After lows of 39-46 this morning, highs so far today have reached 50-56 over the viewing area.
Rain will overspread the area tomorrow morning-midday.
Heavier rainfall & isolated thunder/lightning will develop in the afternoon.
Winds will be strong & gusty at times with some gusts up to 40 mph from the east-northeast/east to east-southeast.
Warm front will be pulled more to the north & northwest in the evening as center of deep low moves through our far western & northwestern counties.
If you are prone to aches & pains associated with low pressure, it will be an uncomfortable Saturday evening & night.
Temperatures (after being in the 48-54 range much of the day), may rise to 54-62 northwest to southeast over the area.
Steady rainfall will become showery with a few isolated storms possible.
With surface pressure of the storm down to 992 mb in the evening-night, there is the potential of a brief spurt of 40-50 mph wind gusts over part of the viewing area.
Even after this spurt & after the rain tapers, gusts up to 40 mph from the southwest, then west-southwest are possible during the overnight hours.
Also, a brief, very brief spurt of light to calm wind at the center of the low pressure may occur in our western to northwestern counties for roughly 20-30 minutes.
A solid 1-2" of rainfall will occur across the entire viewing area. A couple to few isolated +2" totals are possible.
Watch for wet, leaf-covered slippery roadways & clogged drains from leaves, which may lead to ponding.
Low, gray overcast Sunday morning, but should clear west to east through the day. The eastern areas will be last to see the clearing.
So, highs will run 57-65 with warmest readings in the west & southeast & coolest highs in the east.
Southwest winds may run 15-30 mph in the morning, before they diminish to 10-15 mph by afternoon & then 5-10 mph late afternoon-evening.
With a light wind & mostly clear skies, some fog may form by late Sunday night-early Monday morning with lows 40-45.
Multiple cold front & shortwaves will pass with cold air at the surface & aloft late Monday-Thursday late afternoon:
As for Monday, it looks breezy as skies cloud up.. A few showers are possible in the PM as cold front passes & wind goes to the northwest with gusts to 30 mph.
After highs 51-62 from northwest to southeast, lows Monday night should drop to 31-37.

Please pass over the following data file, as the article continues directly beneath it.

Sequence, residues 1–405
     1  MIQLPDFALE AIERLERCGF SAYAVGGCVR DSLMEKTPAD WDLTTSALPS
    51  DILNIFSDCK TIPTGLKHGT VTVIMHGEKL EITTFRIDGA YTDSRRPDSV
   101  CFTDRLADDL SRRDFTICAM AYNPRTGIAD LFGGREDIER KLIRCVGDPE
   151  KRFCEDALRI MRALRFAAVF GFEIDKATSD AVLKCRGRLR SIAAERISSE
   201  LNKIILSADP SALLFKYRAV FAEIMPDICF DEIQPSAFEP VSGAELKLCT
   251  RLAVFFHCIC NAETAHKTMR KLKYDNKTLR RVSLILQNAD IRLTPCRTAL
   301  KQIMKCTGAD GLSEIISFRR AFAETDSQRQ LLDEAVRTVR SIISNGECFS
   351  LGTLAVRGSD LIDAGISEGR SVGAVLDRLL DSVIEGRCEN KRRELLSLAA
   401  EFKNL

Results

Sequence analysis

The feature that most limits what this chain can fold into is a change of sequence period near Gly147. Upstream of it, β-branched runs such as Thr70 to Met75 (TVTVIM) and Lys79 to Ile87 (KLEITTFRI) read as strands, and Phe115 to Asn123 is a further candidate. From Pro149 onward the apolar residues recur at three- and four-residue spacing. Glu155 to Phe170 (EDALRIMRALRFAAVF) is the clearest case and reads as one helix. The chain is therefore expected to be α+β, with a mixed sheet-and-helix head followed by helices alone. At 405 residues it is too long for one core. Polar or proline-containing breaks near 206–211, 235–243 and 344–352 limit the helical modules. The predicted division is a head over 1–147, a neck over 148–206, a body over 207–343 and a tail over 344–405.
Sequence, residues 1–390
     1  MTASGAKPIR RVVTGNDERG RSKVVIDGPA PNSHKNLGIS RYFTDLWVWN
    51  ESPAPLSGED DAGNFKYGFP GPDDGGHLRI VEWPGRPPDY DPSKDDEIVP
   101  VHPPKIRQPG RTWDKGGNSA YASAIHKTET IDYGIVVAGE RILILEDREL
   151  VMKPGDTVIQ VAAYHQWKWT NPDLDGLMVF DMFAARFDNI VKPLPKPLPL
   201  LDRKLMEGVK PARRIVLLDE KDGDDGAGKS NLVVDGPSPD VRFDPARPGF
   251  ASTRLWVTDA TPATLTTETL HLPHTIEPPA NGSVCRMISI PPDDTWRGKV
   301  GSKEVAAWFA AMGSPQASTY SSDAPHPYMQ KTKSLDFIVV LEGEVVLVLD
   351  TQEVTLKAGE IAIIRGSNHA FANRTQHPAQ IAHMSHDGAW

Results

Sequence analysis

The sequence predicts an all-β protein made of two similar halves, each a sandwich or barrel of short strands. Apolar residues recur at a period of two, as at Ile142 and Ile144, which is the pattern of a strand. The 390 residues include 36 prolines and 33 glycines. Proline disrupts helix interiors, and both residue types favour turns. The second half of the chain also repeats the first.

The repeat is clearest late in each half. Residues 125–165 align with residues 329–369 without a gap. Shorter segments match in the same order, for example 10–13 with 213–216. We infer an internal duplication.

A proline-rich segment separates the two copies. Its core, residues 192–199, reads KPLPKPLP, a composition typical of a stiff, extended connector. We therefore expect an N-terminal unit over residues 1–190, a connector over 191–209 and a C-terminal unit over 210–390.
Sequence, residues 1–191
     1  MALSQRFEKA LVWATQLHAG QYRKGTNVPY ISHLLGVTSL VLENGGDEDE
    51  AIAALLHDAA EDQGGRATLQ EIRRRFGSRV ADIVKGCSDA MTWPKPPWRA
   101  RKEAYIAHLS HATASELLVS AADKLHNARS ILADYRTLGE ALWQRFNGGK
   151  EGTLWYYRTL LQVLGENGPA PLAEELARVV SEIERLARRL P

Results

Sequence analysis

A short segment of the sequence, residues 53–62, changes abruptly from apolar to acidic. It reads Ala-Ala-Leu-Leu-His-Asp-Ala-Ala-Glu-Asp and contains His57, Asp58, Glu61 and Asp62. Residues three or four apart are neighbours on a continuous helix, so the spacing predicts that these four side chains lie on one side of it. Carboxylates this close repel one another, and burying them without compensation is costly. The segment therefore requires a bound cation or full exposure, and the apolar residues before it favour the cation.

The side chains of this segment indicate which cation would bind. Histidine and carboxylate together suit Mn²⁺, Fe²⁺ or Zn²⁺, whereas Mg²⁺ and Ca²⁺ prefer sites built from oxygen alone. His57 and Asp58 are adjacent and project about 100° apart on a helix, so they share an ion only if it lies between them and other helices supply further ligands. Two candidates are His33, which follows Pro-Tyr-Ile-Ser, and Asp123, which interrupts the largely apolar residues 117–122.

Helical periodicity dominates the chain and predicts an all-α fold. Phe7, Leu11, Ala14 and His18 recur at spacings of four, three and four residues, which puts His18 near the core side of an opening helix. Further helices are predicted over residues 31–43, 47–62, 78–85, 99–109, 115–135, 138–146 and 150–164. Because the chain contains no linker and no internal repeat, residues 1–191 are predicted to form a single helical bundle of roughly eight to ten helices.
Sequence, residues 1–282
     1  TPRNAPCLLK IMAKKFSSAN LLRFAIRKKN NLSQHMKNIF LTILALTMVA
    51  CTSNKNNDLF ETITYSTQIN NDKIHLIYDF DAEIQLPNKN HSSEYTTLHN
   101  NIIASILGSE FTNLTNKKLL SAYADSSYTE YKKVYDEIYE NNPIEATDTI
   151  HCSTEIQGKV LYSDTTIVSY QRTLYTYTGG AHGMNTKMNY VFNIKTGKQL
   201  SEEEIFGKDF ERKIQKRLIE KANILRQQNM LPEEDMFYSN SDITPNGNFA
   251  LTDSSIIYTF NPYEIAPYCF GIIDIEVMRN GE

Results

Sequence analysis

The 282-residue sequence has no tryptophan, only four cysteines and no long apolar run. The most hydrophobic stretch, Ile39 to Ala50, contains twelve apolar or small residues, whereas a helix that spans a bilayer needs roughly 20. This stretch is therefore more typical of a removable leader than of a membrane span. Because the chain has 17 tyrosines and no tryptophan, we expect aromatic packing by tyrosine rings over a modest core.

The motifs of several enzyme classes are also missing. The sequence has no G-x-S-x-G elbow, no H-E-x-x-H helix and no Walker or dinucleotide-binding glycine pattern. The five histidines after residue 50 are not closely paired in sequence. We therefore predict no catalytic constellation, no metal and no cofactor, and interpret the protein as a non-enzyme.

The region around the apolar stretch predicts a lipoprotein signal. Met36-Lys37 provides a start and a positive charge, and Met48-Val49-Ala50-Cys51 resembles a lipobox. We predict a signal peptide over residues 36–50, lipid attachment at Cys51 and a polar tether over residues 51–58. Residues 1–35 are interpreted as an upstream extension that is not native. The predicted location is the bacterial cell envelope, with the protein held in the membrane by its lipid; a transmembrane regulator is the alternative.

Tuesday looks partly to mostly cloudy, breezy to windy & cool with a few isolated to spotty rain showers. Highs should run 45-52.
A few flurries & snow showers are possible Tuesday night-Wednesday morning with partly to mostly cloudy skies & lows 31-34.
Wednesday looks cold with partly to mostly cloudy skies & a few isolated to spotty rain/snow/graupal/sleet showers with highs 43-48 with northwest winds to 32 mph.
A few snow flurries & snow showers are possible Wednesday night with lows 31-33 with partly to mostly cloudy skies.
As for Halloween, it looks partly to mostly cloudy, breezy to windy with a few spotty rain/snow/graupal/sleet showers with highs only 39-45.
Check out the cold air aloft. Even at 5,000', some of these shortwaves (cold pockets with lower pressure aloft) will bring temperatures down to 25 degrees even at peak heating on the afternoons of Tuesday, Wednesday & Thursday.
As we clear Halloween evening & night & winds go light, temperatures will tank to lows of 21-25 by Friday morning with a heavy frost & some patchy fog.
Cold will be slow to get rid of with it lingering into the first couple to few days of November. The Pacific Typhoon Bauloi will help to make this cold wave pretty significant as it drive strong upper ridge to the Arctic Circle, allowing the unseasonably cold air to drop southwward.
Here are the temperature anomalies for next week. They are impressive, especially in the South, in Texas & deep into Mexico. This Arctic airmass may reach the coastal Plains of the Yucatan with unseasonably cold air. Scenes like this will be frequent this winter with Arctic outbreaks interspersed with incredible warmings (like last winter in many respects).
Only South Florida may be spared this cold in the East (& coastal New England may escape the brunt of it) as southeastern/Bermude upper ridge acts like a wall.
Again, this ridge will be a main player in our winter too with sudden warm surges & it will help to guide winter storms to track over our area, which is why I went for a snowier than normal winter (with the biggest snowfall anomalies [heavy snow] just east & southeast of our area).
Cold slow to erode:
Then check out the impressive warmth moving back in early November (but note the Arctic air looming in the Northern Rockies & far northern Plains. That Arctic air will be a big player once we get past November 13-15. It looks to be unleashed for a long period of time with the risk of us getting some very minor accumulating snow (enough to coat things) increasing in latter November with lows down to single digits & teens.